October 3, 2010

Vampyre Pulp Noir

Vampire Pulp Noir gets it's due in the "Joe Pitt Casebook" series by Charlie Huston. Comprised of five titles, the books tell the tale of Joe Pitt, a rogue Vampyre "living" in modern day Manhattan.

The tale behind the teeth: There's a virus that causes"Vampyrism". This virus necessitates victims to require at least a pint of blood a week, stay out of sunlight, etc. However, it's a very small demographic (about 4000 in Manhattan). Most victims die immediately (due to psychological or physical inabilities to deal with the virus). Vampyres are generally found in small regional "clans" and rarely are humans hunted. Generally, Vampyres will "tap" junkies or the homeless for a pint or two and leave them alive. It's an underground society, and there is a fear that should the non-infected discover them, genocide of all Vampyres would occur. Theirs very little supernatural cause to any of this, Huston does a good job of depicting the cause of Vampyrism as a disease with one of the characters providing exposition since she is a scientist., and it's not exactly glamorous.

Joe Pitt was infected at a Ramones show at CBGB's in the late 1977 or so. The books deal with his struggle to remain independent of the clans, and survive despite generally pissing off everyone around him. His own saviors want little to do with him, and he couldn't care less.

Complicating matters are his HIV positive girlfriend, the hippie social/anarchists downtown, the wealthy hoi polloi in midtown and the gangsta's uptown. And the other clans that are so weird that no one messes with them.The books are extremely violent and Huston stays firmly in the "pulp" field, with stereotypical dialogue for his characters and lots of blood and testosterone. Pitt isn't exactly the sharpest arrow in the quiver, and as you read the books, it's more than once where you wonder why he never takes the path of least resistance. Each time he is offered a helping hand, he spits in the face of his benefactor.

The books are a pretty quick and absorbing read, and the parallels to Raymond Chandler and Dashell Hammeit are obvious. Things continue to build up to what promises to be a very heinous finale in the fifth book, as some dark secrets are about to be disclosed.

I "drained" the first four with-in a weekend. Pitt is a great character, totally flawed but still sympathetic.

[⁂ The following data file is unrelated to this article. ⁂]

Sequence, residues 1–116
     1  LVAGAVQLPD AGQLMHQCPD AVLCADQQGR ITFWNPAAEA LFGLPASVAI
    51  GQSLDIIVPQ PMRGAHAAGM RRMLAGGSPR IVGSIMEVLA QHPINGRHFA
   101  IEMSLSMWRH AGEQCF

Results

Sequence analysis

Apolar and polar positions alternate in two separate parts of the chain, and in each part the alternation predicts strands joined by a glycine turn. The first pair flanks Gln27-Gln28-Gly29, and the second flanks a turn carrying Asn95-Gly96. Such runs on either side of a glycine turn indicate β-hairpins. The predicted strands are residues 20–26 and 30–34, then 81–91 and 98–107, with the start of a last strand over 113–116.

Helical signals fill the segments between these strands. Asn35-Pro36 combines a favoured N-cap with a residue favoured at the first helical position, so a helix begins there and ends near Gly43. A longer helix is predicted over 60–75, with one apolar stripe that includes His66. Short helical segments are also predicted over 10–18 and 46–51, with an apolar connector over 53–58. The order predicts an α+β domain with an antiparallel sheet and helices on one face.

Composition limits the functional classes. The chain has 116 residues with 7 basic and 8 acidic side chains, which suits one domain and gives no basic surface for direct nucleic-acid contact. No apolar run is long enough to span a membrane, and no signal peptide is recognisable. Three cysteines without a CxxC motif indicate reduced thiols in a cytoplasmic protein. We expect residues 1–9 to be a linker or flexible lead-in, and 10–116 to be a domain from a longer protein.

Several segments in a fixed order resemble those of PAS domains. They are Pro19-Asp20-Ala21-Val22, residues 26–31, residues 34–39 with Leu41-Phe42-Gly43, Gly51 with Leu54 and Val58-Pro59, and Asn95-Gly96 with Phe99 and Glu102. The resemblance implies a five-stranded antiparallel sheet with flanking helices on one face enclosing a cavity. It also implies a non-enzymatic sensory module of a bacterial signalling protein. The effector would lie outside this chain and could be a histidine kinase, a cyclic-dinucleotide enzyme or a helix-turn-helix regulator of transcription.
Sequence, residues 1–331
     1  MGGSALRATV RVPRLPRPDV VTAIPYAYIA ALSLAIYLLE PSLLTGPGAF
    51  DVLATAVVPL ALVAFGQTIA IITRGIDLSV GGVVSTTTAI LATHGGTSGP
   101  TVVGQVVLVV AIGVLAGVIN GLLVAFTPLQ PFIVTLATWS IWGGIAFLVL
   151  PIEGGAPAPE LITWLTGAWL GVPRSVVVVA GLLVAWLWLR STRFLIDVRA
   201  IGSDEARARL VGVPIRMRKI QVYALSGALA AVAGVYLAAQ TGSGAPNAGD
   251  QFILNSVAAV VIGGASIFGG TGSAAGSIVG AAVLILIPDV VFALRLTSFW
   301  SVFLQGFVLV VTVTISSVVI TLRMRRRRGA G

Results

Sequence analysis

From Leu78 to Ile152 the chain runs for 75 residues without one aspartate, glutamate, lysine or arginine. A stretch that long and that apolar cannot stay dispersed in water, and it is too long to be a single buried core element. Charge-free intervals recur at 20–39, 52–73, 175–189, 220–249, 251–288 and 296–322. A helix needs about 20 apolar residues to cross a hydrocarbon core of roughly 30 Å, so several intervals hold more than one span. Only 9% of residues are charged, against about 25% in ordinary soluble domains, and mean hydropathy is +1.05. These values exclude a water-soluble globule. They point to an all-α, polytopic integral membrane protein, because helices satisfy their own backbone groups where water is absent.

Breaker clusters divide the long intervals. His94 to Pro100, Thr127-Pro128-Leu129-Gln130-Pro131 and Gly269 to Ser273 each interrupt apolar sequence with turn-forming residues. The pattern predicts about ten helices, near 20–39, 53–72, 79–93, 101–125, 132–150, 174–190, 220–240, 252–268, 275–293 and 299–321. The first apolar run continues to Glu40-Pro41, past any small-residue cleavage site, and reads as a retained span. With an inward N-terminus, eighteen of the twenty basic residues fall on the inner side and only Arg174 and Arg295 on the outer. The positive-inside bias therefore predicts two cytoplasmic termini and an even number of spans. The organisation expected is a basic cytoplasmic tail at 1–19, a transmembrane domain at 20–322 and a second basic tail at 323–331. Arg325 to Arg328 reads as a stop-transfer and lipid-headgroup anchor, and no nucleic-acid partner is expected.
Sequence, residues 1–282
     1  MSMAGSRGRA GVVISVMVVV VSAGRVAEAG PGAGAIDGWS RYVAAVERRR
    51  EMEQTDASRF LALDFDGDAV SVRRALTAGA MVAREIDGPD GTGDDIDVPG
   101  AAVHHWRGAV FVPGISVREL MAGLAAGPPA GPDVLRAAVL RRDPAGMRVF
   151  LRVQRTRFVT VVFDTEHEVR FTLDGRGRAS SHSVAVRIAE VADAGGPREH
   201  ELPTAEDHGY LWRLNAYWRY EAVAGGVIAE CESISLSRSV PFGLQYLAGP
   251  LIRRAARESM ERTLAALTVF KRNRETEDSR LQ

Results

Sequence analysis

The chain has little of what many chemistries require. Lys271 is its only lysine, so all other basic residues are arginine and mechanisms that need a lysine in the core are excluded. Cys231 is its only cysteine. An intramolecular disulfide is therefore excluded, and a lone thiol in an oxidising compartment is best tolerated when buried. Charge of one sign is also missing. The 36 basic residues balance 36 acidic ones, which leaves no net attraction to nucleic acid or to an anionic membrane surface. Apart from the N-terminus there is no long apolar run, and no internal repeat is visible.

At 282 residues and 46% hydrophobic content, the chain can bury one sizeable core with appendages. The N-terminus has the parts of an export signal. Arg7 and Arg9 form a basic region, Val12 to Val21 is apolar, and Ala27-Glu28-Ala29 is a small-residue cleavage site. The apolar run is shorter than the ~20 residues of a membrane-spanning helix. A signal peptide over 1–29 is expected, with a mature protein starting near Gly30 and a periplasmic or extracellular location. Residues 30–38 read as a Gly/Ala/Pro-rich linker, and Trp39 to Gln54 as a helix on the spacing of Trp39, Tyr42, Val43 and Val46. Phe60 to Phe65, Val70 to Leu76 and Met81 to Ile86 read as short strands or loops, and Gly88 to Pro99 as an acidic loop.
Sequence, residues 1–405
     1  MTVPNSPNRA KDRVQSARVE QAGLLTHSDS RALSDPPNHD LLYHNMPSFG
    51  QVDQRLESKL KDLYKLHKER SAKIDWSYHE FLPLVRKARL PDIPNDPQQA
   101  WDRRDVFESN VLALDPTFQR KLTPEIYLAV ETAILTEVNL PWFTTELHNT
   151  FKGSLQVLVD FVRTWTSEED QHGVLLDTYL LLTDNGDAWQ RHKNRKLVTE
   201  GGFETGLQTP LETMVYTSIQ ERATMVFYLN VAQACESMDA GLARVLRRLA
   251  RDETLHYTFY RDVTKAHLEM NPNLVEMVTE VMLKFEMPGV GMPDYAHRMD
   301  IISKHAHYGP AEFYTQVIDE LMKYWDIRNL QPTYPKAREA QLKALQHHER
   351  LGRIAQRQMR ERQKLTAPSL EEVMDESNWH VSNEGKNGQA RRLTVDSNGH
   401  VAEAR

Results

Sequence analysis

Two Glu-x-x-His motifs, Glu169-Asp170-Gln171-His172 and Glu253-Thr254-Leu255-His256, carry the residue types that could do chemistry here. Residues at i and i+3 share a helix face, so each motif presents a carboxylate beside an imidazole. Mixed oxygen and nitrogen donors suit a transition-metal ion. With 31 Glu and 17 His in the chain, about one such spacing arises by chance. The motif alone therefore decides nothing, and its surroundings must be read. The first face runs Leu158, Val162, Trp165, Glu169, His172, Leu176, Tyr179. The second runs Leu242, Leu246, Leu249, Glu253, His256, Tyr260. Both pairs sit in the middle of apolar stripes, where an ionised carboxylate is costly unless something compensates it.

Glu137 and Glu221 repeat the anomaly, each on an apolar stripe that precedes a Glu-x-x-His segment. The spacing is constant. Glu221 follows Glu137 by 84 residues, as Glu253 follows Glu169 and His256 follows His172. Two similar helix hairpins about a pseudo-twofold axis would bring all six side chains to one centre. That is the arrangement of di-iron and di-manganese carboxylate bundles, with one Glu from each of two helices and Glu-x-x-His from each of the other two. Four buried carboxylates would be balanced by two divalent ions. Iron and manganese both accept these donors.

Highly recommended.

6 comments:

Jon said...

I don't know why nobody talks about Mick Farren's vampire books. They're better than anything in the genre. I mean, vampires battle flying saucer Nazis to kill the Nazi snake god inside the hollow Earth? Vampires battle Los Angeles new agers who are bringing back the old ones of the Cthlulhu mythos? Farren is the best and no one gives a shit. Admittedly he's a little sloppy but he's punk rock sloppy. The guy is passionate not careless.

I have to put in a word for Bram Stoker's original Dracula too. Everyone sort of figures they know Stoker's book because everyone has seen all of the Dracula movies and the various vampire stories but Stoker wasn't building on any of that shit. Stoker created it. Everyone else owes Stoker. I thought the same way until I finally read Dracula. What a cool book.

Do yourself a favor though. Waste no time on Laurell Hamilton's books. The woman needs to get a job. At walmart.

Nazz Nomad said...

Huston dedicates the books to Stoker and Chandler.

infinite fool said...

Thanks for the recomendation. I'm always looking for good book.... and the time to read one, of course.

KT said...

Don't miss Huston's crime trilogy that starts with "Caught Stealing." I think I like that series a little more. Huston's great.

b said...

great books! though have to catch up as have only read the first half of the last one a few weeks ago at the neighborhood borders. made me miss NYC a little.

and yeah, the chandler is obvious so i was glad to see the dedication.

what initially made me on the first book was the map at the front with the clans. i got a kick out of seeing my school on it.

Mission Maids said...

This is pretty much the summary of his career.